Ranunculus is a common element of the Navasota flora. Our species tend to boom early in the year.
Buttercups, with numerous stamens and apocarpy, can be confused with some elements (Roaidae) of the Rosaceae. There are, however, no yellow-flowered roses in the Navasota Flora and, if there were, these could be distinguished from Ranunculus by the presence of an hypanthium, a structure present in almost all elements of the Rose Family.
A Ranunculus flower at anthesis. As with most elements of the Magnolidae, Ranunculus shows archaic floral features:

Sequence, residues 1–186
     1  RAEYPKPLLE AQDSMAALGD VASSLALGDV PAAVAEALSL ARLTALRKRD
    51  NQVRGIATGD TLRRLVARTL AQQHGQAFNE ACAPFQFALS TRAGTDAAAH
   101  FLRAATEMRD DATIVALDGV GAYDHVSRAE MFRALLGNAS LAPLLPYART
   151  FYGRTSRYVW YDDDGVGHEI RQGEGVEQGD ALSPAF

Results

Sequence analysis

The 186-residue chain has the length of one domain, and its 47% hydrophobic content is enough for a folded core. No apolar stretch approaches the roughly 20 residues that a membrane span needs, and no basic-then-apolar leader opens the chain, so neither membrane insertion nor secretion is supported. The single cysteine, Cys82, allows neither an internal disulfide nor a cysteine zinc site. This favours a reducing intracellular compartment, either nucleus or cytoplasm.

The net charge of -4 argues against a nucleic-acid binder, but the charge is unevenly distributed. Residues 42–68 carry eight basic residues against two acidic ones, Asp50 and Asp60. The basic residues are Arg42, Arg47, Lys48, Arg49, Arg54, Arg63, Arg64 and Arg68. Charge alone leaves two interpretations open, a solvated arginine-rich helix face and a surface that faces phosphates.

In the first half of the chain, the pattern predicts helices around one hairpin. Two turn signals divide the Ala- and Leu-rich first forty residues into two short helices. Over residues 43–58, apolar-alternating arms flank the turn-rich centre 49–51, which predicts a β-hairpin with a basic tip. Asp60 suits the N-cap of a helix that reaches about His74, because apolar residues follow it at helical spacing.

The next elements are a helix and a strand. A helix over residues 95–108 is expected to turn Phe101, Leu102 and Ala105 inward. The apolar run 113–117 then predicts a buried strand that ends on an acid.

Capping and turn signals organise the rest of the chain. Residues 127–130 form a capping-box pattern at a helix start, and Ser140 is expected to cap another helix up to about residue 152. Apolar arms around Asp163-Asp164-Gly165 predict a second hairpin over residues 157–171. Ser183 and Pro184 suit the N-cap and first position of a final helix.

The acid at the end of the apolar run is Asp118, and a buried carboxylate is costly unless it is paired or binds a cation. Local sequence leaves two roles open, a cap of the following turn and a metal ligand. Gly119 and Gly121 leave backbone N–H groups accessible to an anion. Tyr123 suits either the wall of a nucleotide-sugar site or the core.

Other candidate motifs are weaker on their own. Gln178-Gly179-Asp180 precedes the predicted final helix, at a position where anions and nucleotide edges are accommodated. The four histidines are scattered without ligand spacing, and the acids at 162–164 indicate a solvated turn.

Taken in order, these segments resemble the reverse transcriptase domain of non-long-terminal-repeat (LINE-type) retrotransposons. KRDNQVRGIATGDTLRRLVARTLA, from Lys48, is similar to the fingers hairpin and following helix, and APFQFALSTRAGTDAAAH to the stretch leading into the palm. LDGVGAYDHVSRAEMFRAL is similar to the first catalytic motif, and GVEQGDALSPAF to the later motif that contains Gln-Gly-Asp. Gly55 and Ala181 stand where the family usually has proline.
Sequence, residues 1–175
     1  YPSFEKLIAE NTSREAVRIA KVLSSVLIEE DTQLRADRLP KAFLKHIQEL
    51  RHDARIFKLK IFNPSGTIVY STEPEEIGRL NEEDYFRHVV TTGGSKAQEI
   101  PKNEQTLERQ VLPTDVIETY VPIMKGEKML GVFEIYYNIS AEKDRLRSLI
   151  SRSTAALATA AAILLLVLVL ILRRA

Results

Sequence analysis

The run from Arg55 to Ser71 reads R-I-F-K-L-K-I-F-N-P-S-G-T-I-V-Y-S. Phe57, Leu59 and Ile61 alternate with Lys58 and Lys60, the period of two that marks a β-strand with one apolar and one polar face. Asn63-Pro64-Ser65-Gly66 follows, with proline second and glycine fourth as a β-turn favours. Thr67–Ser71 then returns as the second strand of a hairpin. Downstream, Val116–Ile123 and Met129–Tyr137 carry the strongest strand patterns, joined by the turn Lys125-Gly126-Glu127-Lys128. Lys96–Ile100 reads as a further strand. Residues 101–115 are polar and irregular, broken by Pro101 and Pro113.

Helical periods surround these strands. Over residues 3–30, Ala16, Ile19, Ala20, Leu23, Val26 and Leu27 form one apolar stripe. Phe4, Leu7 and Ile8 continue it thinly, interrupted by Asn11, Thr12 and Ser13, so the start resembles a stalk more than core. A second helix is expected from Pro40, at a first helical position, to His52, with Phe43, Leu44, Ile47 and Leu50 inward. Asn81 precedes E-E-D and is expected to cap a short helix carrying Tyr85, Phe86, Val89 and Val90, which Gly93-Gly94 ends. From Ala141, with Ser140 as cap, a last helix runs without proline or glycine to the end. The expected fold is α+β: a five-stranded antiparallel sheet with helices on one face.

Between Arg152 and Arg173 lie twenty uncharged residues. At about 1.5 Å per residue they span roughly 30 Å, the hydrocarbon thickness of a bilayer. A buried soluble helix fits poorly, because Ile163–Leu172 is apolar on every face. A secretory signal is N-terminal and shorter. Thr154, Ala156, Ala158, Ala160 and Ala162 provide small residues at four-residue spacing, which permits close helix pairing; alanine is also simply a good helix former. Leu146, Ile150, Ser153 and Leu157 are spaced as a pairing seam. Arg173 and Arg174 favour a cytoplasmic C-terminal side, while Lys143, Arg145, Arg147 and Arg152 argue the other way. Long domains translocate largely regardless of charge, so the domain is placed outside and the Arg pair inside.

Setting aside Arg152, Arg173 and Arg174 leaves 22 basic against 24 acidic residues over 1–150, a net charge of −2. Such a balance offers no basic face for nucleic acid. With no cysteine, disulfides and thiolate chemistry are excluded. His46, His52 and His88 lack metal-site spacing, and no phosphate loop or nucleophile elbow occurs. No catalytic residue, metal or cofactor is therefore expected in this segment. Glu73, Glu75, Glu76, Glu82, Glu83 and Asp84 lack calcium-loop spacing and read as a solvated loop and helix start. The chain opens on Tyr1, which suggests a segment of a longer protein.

As indicated by this flower, which is well past anthesis, each carpel of the apocarpous gynoecium matures as a separate entity, i.e., an aggregate of fruits. Each of these is an achene containing a single seed that is NOT adnate to the pericarp.
Last updated by HDW on 3 February 1995